On Tuesday, June 30, 2015, in an attempt to “modernize and streamline” the regulations on exemptions from the Fair Labor Standards Act’s (“FLSA”) minimum wage and overtime pay requirements, the U.S. Department of Labor issued a Notice of Proposed Rulemaking (“NPRM)” which focuses primarily on increasing federal overtime pay regulatory coverage to nearly 5 million people by raising the minimum salary threshold required to qualify for the FLSA’s “white collar” exemption. Specifically, the Department proposes to:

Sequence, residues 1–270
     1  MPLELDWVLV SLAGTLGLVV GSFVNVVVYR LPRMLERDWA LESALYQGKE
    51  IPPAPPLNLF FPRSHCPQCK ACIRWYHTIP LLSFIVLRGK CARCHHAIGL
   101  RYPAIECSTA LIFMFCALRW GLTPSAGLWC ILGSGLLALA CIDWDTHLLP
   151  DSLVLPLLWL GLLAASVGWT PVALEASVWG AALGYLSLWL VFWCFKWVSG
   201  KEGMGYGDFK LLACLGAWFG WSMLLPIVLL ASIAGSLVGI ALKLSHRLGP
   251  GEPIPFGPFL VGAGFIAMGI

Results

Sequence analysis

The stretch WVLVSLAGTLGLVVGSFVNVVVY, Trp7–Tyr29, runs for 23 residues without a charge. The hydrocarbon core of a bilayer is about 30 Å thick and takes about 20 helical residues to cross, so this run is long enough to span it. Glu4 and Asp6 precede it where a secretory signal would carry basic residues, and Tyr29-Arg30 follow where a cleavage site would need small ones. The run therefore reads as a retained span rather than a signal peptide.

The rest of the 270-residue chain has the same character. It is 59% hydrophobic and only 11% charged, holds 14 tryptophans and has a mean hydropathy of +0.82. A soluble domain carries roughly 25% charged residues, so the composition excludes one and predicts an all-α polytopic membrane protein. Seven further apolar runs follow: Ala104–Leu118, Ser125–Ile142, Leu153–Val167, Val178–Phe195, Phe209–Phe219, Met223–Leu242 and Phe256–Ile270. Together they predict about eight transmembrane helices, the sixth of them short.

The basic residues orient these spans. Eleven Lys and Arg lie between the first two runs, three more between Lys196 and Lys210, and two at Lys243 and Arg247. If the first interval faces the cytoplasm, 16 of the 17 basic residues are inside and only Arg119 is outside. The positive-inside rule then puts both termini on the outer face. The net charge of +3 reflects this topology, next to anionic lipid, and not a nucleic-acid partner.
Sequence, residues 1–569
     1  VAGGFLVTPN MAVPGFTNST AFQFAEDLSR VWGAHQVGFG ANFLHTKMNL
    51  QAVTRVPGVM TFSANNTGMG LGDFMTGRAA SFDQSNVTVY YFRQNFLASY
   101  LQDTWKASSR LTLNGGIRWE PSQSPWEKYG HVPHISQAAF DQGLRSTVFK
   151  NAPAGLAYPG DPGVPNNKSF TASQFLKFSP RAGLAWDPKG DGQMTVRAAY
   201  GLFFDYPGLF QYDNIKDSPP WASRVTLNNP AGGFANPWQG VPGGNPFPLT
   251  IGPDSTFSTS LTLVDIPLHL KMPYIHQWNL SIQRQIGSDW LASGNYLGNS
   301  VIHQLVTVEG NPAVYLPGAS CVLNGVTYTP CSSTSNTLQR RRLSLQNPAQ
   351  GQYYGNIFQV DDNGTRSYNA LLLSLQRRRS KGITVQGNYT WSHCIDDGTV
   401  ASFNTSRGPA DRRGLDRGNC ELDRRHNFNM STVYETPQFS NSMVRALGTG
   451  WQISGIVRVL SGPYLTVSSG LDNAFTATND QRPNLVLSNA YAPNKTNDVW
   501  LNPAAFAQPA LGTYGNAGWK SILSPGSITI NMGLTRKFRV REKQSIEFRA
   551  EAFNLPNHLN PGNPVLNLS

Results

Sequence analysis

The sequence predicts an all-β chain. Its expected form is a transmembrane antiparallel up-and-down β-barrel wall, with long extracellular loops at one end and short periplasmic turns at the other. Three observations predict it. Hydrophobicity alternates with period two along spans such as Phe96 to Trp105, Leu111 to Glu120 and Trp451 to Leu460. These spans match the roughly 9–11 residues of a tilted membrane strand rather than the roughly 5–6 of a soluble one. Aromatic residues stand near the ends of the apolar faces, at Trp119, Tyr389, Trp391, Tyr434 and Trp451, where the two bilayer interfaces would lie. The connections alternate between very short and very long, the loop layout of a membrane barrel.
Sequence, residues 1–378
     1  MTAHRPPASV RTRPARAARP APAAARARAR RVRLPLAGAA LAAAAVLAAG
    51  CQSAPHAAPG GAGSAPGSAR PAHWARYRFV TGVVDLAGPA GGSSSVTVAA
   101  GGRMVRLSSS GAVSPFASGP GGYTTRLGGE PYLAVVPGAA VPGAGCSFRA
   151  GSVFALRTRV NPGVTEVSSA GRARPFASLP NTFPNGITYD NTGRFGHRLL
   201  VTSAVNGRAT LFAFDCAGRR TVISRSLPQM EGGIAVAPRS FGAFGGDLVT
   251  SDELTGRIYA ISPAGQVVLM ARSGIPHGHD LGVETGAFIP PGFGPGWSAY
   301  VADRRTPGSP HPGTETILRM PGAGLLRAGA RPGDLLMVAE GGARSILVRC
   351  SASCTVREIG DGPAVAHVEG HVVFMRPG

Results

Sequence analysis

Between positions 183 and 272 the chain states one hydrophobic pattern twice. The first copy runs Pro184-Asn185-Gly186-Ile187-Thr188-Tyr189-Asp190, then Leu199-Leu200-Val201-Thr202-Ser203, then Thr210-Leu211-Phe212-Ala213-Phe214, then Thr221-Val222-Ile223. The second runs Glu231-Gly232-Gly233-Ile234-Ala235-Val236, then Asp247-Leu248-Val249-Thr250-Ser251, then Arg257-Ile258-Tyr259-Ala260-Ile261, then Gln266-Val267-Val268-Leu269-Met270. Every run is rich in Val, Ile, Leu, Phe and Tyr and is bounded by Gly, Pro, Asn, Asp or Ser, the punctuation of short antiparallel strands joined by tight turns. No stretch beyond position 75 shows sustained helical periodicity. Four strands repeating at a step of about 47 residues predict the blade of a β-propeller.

- Set the standard salary level at the 40th percentile of weekly earnings for full-time salaried workers ($970 a week; or $50,440 a year) in 2016;
- Increase the total annual compensation requirement needed to exempt highly compensated employees (HCEs) to the annualized value of the 90th percentile of weekly earnings of full-time salaried workers ($122,148 annually); and
- Establish a mechanism for automatically updating the salary and compensation levels going forward so as to ensure a useful and effective test for exemption.
The Department’s regulations have generally required each of the following three tests to be met for the white collar exemptions to apply: 1) the employee must be paid a predetermined, fixed salary that is not subject to Continue reading